I like to write long articles on different subjects, trying to pack them with information and to go really deep into the issues. However I do realize that not everyone wants to read those long articles. Instead many people just want to get the key takeaways from each article and how they can apply them to their own lives. So that’s why I am introducing a new series: Keep It Simple. Here I will try to post short summaries of what I have written up to that point and what is important to get out of that.
The world of fitness is full of misconceptions and contradictions. It can get pretty confusing for a newbie, but even for more advanced lifters. There is so much contradicting information out there, that a person has a hard time making sense of it and applying it to their own routine.
One Size Does Not Fit All: What Fitness Advice To Follow
That’s why it is very important to look at all the advice that is given and try to determine how it applies to you. Each one of us is different and that’s why what works for one person might not always work for another person. However fitness advice is often given out as the “truth”. However if you look at some of the supposed truths more deeply, you can see that they are more akin to opinion than some scientific fact.
Key Lesson: Do not blindly follow any routine you find, but instead try to determine whether it will bring you closer to the goals you want to accomplish and fits your body and mindset.
Compound Exercises To Do If You Want To Gain Weight And Muscle
Compound exercises are a key to any bulking routine. If you want to gain weight and muscle, then your routine needs to be based around these types of exercises. Isolation exercises are not as efficient at recruiting all the different muscles that you have and stimulating your entire body to grow. Instead compound exercises recruit several muscles at once and are a more efficient way of growing your body. Some examples of compound exercises are squats and good mornings.
Key Lesson: In order to grow, you need to focus on exercises that recruit several muscles at once: compound exercises. However you need to pay a close attention to form, as improper form can lead to injuries.
Confused About Muscle Confusion?
The differences in viewpoints can be illustrated by looking at the concept of muscle confusion. This concept rubs a lot of fitness gurus the wrong way. They state that there is no such thing as muscle confusion and the only thing that matters is muscle overload, that is constantly lifting heavier weights. However on the other hand, there are some fitness gurus that have made muscle confusion the key part in their routines. There is nothing that proves or disproves this concept and so the discussions on whether it works are just shouting matches. Some people say that it works for them, while others state that they don’t want anything to do with the concept.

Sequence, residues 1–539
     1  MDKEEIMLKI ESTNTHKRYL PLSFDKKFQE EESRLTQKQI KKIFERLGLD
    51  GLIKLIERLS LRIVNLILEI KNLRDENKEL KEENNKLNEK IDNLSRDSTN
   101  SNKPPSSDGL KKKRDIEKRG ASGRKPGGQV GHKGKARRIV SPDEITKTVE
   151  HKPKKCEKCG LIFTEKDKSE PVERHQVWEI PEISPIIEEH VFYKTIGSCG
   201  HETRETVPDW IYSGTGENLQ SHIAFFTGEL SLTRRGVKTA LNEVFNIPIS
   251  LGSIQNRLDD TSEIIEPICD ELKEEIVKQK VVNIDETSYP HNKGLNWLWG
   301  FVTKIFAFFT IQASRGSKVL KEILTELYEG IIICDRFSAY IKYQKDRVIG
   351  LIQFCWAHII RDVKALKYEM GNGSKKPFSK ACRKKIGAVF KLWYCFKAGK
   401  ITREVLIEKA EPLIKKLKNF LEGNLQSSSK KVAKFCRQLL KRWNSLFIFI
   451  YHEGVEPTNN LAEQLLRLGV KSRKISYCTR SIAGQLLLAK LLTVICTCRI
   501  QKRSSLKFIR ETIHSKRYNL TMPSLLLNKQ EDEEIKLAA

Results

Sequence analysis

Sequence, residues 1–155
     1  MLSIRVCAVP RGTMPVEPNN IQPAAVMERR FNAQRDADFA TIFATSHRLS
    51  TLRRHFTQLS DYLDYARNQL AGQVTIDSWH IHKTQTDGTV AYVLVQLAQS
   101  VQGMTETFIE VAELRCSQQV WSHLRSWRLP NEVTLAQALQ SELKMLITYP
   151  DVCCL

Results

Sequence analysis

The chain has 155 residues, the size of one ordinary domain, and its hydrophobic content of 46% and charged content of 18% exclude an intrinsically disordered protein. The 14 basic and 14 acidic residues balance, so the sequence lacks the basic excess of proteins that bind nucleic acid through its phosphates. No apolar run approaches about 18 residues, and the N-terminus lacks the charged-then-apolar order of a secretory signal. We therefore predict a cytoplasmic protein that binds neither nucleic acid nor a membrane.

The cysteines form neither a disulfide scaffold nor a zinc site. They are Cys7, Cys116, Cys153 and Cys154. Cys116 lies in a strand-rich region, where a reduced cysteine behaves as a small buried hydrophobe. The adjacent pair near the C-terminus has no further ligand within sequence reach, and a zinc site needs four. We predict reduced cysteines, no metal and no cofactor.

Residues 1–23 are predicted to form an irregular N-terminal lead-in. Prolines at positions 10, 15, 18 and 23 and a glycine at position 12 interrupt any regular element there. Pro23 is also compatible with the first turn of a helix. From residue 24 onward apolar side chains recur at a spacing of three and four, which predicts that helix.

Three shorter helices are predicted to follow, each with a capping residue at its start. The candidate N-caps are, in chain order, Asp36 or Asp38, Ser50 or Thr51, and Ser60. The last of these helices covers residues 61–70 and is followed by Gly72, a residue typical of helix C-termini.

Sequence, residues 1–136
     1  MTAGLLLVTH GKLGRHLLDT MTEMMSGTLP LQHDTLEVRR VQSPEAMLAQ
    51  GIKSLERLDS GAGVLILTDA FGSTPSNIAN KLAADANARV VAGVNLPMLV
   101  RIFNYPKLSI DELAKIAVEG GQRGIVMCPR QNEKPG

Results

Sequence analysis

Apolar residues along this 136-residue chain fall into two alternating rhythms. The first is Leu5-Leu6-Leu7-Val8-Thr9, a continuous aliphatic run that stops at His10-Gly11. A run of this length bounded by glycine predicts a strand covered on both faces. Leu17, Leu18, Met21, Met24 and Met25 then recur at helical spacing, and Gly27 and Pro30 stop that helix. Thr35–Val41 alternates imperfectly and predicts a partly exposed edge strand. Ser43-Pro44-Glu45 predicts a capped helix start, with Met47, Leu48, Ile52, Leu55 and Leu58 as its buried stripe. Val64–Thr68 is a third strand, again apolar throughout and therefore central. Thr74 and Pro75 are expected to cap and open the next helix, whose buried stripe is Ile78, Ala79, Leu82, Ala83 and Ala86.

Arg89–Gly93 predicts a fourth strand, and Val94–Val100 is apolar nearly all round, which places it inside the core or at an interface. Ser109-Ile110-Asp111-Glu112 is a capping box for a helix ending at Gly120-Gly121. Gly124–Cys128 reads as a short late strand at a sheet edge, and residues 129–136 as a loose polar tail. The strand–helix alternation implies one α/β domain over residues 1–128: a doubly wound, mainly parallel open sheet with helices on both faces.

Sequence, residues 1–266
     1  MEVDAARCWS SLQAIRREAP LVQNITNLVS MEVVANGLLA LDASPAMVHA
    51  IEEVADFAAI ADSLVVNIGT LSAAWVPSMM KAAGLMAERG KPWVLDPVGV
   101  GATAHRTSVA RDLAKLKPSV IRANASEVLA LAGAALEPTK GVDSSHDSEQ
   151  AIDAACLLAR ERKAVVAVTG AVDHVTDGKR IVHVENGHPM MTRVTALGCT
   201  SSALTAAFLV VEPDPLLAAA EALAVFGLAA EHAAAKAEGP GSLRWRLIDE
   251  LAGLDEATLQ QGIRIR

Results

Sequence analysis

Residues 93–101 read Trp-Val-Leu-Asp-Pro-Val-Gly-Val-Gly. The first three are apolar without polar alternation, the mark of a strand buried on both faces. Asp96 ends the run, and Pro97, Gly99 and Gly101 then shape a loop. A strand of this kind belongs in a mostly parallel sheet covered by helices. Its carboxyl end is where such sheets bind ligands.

Key Lesson: Muscle confusion can work you, however it should be applied in the right context. A lot of people just go around the gym doing some random exercises without having any plan. So at the end they see very little progress. If you want to make progress with a routine based on muscle confusion, you need to be systematic about it. Muscle confusion also works better in certain contexts and goals. For example if you want to lose weight, then a routine based on muscle confusion is a good way to go. However for gaining weight, I would stick to a strict routine based around heavy compound exercises and progressive overload (lifting heavier and heavier weights).
Should You Lift Fast Or Slow?
Another controversial topic is the tempo or speed of a rep when lifting. Some people argue that you should lift slow, while others argue that you should do it fast. There are various arguments pro and con for each. However it seems that most people that argue for lifting fast have strength as their goal, while many of those arguing for lifting slow have size as their goal. However there is no consensus on what type of effects the speed of a rep has on your body.
Key Lesson: The speed of lifting is not a very important parameter. Try to experiment with different speeds and see what fits you best. For beginner lifters I would advise to start lifting slow, to learn proper form and keep the weights under control.
WTF Is Hypertrophy And Should You Care?
There are different types of hypertrophy and the one you are going for will determine the type of a routine and how many reps per set you should do. The two main types of hypertrophy are: sarcoplasmic and myofibrilar. Sarcoplasmic hypertrophy is more about the increase in size of the muscles, while myofibrilar hypertrophy is more about the increase in strength.
Key Lesson: If you want to go for strength you should do sets with reps in the 1-5 range, while if you want to go for size, you should do reps in the 6-12 range.